Orion's Belt

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Astrophotograph of Orion's Belt.

Orion's Belt or the Belt of Orion, also known as the Three Kings or Three Sisters, is an asterism in the constellation Orion. It consists of the three bright stars Alnitak, Alnilam and Mintaka.

Looking for Orion's Belt in the night sky is the easiest way to locate Orion in the sky. The stars are more or less evenly spaced in a straight line, and so can be visualized as the belt of the hunter's clothing. They are best visible in the early night sky during the Northern Winter/Southern Summer, in particular the month of January at around 9:00 pm.[1]

Component stars[edit]

In this broader view, the belt (The three stars in the center) is seen in relation to nearby features in the Orion constellation.


Alnitak is pronounced ALL-nit-ahk. Alnitak (Zeta Orionis, 50 Ori) is a triple star system at the eastern end of Orion's belt, and is 817 light-years from the Earth. It has 100,000 times the luminosity of the Sun. Considering ultraviolet light, its luminosity comes out at 250,000 times that of the Sun. The primary (Alnitak A) is itself a close binary, comprising Alnitak Aa (a blue supergiant of spectral and luminosity type O9.7 Ibe, with an absolute magnitude of -5.25 and an apparent magnitude of 2.0) and Alnitak Ab (a blue dwarf of spectral and luminosity type O9V, with an absolute magnitude of about -3.0 and an apparent magnitude of about 4, discovered in 1998). Aa is estimated as being up to 28 times as massive as the Sun, and to have a diameter 20 times greater. It is the brightest star of class O in the night sky. Alnitak B is a 4th-magnitude B-type star which orbits Alnitak A every 1,500 years. A fourth star, 9th-magnitude Alnitak C, has not been confirmed to be part of the Aa-Ab-B group, and may simply lie along the line of sight.

The Alnitak system is bathed in the nebulosity of IC 434.


Alnilam (Epsilon Orionis, 46 Ori) is approximately 1,340 light-years away from Earth and shines with magnitude 1.70. Considering ultraviolet light Alnilam is 375,000 times more luminous than the Sun.[2] It is a large blue supergiant star in the constellation of Orion. Its Flamsteed designation is 46 Orionis.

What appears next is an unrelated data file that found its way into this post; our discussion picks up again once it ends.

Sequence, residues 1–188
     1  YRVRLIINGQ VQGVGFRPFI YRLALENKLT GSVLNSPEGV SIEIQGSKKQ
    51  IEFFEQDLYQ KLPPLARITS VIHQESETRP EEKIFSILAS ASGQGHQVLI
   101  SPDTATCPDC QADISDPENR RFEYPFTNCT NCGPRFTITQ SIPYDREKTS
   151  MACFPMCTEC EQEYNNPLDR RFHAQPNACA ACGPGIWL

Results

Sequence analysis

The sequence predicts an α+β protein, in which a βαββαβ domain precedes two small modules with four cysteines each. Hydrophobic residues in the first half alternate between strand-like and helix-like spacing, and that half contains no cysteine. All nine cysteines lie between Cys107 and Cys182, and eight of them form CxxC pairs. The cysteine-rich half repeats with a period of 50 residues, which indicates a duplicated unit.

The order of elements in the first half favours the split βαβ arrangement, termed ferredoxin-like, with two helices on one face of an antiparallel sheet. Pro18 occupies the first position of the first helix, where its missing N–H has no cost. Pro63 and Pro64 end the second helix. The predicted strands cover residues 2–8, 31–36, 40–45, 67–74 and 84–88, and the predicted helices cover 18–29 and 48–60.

It is the 29th-brightest star in the sky and the fourth-brightest in Orion.

Since 1943, the spectrum of this star has served as one of the stable anchor points by which other stars are classified. It is also one of the 57 stars used in celestial navigation. It is at its highest point in the sky around midnight on December 15.

Alnilam's relatively simple spectrum has made it useful for studying the interstellar medium. Within the next million years, this star may turn into a red supergiant and explode as a supernova. It is surrounded by a molecular cloud, NGC 1990, which it brightens to make a reflection nebula. Its stellar winds may reach up to 2000 km/s, causing it to lose mass about 20 million times more rapidly than the Sun.


Mintaka (Delta Orionis, 34 Ori) is 915 light-years away and shines with magnitude 2.21. Mintaka is 90,000 times more luminous than the Sun. Mintaka is a double star. The two stars orbit around each other every 5.73 days.[3]

References in history and culture[edit]

Orion Watching Over ALMA.[4]

The same three stars are known in Spain, Portugal and South America as Las Tres Marías. They also mark the northern night sky when the Sun is at its lowest point, and were a clear marker for ancient timekeeping. In the Philippines and Puerto Rico they are called the Los Tres Reyes Magos.[5] The stars start appearing around the holiday of Epiphany, when the Biblical Magi visited the baby Jesus, which falls on January 6.

Richard Hinckley Allen lists many folk names for the Belt of Orion. The English ones include: Jacob's Rod or Staff; Peter's Staff; the Golden Yard-arm; the L, or Ell; the Ell and Yard; the Yard-stick, and the Yard-wand; the Ellwand; Our Lady's Wand; the Magi / the Three Kings; the Three Marys; or simply the Three Stars.[6]

The passage "Canst thou bind the sweet influences of Pleiades, or loose the bands of Orion?" is found in the Bible's Book of Job[7] and Book of Amos.[8]

In Finnish mythology, the Orion's belt is called Väinämöisen vyö (Väinämöinen's belt). The stars which appear to "hang" off the belt form an asterism called Kalevanmiekka (Kaleva's sword).

Tennyson's poem The Princess describes Orion's belt as:

..those three stars of the airy Giant's zone,
That glitter burnished by the frosty dark.[9]

Their names come from Arabic; and in Arabic, Alnilam means "string of pearls"; Mintaka means "area or space"; and Alnitak comes from the word alnitak النطاق an-niṭāq which means "the belt".


See also[edit]


  1. ^ Dolan, Chris. "Orion". Archived from the original on 2011-11-28. Retrieved 2011-11-28. 
  2. ^ "Alnilam". Jim Kaler's Stars. University of Illinois, Urbana-Champaign Campus. 2009. Archived from the original on 2011-11-28. Retrieved 2011-11-28. 
  3. ^ "Mintaka". Jim Kaler's Stars. University of Illinois, Urbana-Champaign Campus. 2009. Archived from the original on 2011-11-28. Retrieved 2011-11-28. 
  4. ^ "Orion Watching Over ALMA". ESO Picture of the Week. Retrieved 20 August 2012. 
  5. ^ http://sepiensa.org.mx/contenidos/s_reyes/reyes.htm
  6. ^ Allen, Richard Hinkley. "Star Names — Their Lore and Meaning". 
  7. ^ Job 38:31
  8. ^ Amos 5:8
  9. ^ Alfred Lord Tennyson's poem: The Princess